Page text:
Being a legally blind photographer, part of my ambition has always been to tell stories the way that I see them and to let the world understand how I see the world. Something that I often describe it as is looking at the world and seeing it as a painting. I’ve learned more and more about how to make images look like paintings much to the dismay of pixel peepers. But personally speaking, I don’t care too much about those folks and never have. Instead, I’ve embraced creativity since the beginning. And to that end, I decided that I’d take a moment to share with folks how I’ve been doing a series that I’m currently creating.

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The Cinematic Look: Three Tips for Candid and Street Photography with an 85mm Lens

Street photography with an 85mm lens isn’t totally unheard of; it can give us a much different look than what’s out there.

Though the purists in street photography will tell you that you need to get up close and personal to someone on the streets, there isn’t anything inherently wrong with using an 85mm lens. Of course, any wrongdoing comes with the intentions of the photographer. In this case, your intentions should be to try to get a different look at the scene and capture it as it happens with less chance of being seen. If you feel like calling it such, you can think of it as being a fly on the wall. Something many street photographers aspire to be when they shoot.

So after years of testing various 85mm lenses, here are some of our tips.

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Every Photographer Should Learn How Photograph Darker Skin Tones

Darker skin tones can still use some extra attention from photographers and even industry professionals like make-up artists and stylists.

Portrait and fashion photography should be an all-encompassing craft, especially at this time and age when we’re supposedly more open-minded and accepting of other cultures and perspectives. This means that photographers today should be able to use their expertise to create photos of darker skinned models and individuals in a way that highlights their natural beauty. A video by Buzzfeed reinforces this idea with a photoshoot done with dark-skinned models, encouraging photographers and even industry professionals like make-up artists and stylists to do the same.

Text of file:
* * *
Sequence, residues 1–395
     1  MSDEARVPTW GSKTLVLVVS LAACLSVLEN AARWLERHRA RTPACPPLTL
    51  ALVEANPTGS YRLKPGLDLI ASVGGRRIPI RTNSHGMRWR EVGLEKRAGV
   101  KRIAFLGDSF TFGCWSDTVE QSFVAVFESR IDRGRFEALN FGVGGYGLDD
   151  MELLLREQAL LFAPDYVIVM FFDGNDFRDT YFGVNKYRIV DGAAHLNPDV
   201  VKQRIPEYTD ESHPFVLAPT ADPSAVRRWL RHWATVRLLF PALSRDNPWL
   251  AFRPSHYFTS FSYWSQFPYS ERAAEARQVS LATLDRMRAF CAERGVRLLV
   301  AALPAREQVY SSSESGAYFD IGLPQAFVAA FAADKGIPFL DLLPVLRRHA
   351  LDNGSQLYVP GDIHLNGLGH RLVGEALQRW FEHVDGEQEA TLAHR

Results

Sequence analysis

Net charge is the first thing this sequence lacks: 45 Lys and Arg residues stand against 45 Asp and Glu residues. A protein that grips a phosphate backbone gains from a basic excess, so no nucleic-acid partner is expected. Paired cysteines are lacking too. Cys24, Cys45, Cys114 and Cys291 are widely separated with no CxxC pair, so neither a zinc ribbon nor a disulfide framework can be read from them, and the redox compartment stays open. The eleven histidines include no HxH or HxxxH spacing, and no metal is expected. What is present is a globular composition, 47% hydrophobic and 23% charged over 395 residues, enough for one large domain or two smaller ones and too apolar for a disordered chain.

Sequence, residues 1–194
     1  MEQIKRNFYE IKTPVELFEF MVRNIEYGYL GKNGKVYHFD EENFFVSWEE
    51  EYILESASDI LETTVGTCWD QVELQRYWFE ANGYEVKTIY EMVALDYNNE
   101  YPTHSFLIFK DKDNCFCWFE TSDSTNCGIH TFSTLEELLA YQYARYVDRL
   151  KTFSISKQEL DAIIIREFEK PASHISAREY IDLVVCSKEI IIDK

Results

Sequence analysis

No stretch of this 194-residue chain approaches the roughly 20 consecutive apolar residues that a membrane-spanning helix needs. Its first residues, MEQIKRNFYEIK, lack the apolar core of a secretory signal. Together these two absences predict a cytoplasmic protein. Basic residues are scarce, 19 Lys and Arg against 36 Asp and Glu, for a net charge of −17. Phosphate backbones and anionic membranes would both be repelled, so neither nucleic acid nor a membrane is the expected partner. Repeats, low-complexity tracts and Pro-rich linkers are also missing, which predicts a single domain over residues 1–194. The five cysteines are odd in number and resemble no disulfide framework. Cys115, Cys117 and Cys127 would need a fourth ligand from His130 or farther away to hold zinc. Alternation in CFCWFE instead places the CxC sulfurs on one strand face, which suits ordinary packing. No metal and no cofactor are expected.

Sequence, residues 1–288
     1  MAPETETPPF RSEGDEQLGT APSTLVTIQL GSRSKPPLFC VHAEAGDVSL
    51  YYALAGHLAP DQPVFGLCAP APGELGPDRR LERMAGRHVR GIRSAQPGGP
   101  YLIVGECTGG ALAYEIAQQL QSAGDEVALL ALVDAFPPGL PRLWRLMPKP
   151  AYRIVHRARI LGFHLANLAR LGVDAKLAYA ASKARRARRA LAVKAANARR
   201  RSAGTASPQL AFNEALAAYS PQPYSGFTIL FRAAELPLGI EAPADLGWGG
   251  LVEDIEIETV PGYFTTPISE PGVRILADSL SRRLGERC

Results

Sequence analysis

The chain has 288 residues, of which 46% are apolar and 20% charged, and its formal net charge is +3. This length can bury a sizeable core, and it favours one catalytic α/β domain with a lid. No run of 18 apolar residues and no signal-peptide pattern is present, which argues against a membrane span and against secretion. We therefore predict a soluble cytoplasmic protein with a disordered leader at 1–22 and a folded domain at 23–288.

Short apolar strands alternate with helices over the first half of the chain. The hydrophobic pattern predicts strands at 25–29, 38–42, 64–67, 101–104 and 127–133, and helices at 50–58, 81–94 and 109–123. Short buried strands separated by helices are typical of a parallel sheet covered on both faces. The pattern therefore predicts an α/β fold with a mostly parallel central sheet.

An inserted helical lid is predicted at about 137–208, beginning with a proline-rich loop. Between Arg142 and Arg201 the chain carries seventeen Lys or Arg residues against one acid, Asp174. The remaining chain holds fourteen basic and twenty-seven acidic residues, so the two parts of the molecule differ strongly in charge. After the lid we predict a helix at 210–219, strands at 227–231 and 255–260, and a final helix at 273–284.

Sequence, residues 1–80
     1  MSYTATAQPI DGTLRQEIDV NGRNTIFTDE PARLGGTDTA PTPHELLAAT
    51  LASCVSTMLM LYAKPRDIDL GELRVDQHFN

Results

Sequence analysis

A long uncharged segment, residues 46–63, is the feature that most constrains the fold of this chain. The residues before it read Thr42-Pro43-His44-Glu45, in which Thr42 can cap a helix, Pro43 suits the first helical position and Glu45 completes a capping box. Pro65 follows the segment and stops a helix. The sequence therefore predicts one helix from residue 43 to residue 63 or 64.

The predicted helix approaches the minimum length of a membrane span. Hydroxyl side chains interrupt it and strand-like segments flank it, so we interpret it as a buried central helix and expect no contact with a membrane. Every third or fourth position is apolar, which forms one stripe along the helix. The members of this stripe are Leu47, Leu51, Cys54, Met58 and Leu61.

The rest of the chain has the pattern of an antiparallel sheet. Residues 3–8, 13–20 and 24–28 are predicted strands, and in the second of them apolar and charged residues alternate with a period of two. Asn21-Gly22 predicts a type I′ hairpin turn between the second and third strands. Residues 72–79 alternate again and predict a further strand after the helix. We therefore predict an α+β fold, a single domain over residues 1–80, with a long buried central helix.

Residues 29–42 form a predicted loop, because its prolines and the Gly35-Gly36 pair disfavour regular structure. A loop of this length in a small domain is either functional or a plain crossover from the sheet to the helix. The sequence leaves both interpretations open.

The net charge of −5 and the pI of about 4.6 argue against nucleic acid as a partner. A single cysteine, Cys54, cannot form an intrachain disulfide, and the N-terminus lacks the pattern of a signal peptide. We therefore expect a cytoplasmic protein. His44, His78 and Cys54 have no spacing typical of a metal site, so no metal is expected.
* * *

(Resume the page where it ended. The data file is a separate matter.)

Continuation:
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Travel Photography Tip: Comparing 35mm vs 50mm Lenses

If you’re just getting started with travel photography and have been browsing around for some tips on the best lenses to use, this 35mm vs 50mm comparison should help.

Are you an aspiring travel photographer who can’t decide between 35mm and 50mm lenses as the better choice for the job? In case you’re still looking for tips and resources, Australian fashion and portrait photographer Julia Trotti comes to the rescue with a quick comparison video for both focal lengths during her recent trip to Gdansk in Poland. Since Trotti specializes in portraits, it’s only proper for her to begin the comparison with a bunch of portrait shots. She works mostly with prime lenses given her genre of choice, hence the focus on 35mm and 50mm prime lenses for this comparison. She also shot with the Full Frame Canon 5D Mk IV, so keep in mind that you’ll get different results if you shoot with a camera with crop frame sensor. Since this is about travel photography, she made sure to give examples for portraits we’d typically shoot during a trip: mostly half body or full body shots with careful attention to  include the landmarks behind or around the subject. Apart from portraits in both half body, full body, and close up, Trotti also provided some examples for other popular subjects in travel photography: food and landscapes.

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The Beginner’s Guide on How to Do Your Own Firefly Lamp Portrait Photography

That firefly lamp portrait photography trend is pretty simple to do on the cheap!

The trend that has taken over Instagram and lots of cinema is firefly lamp portrait photography. Lots of folks don’t know how to do it themselves or simply just associate it with other photographers. But the truth is that it doesn’t need to be that way. You can put your own twist and spin on it using Christmas lights, which is very affordable and gives you a ton of options. The bottom line: it’s all about being in touch with your own feelings.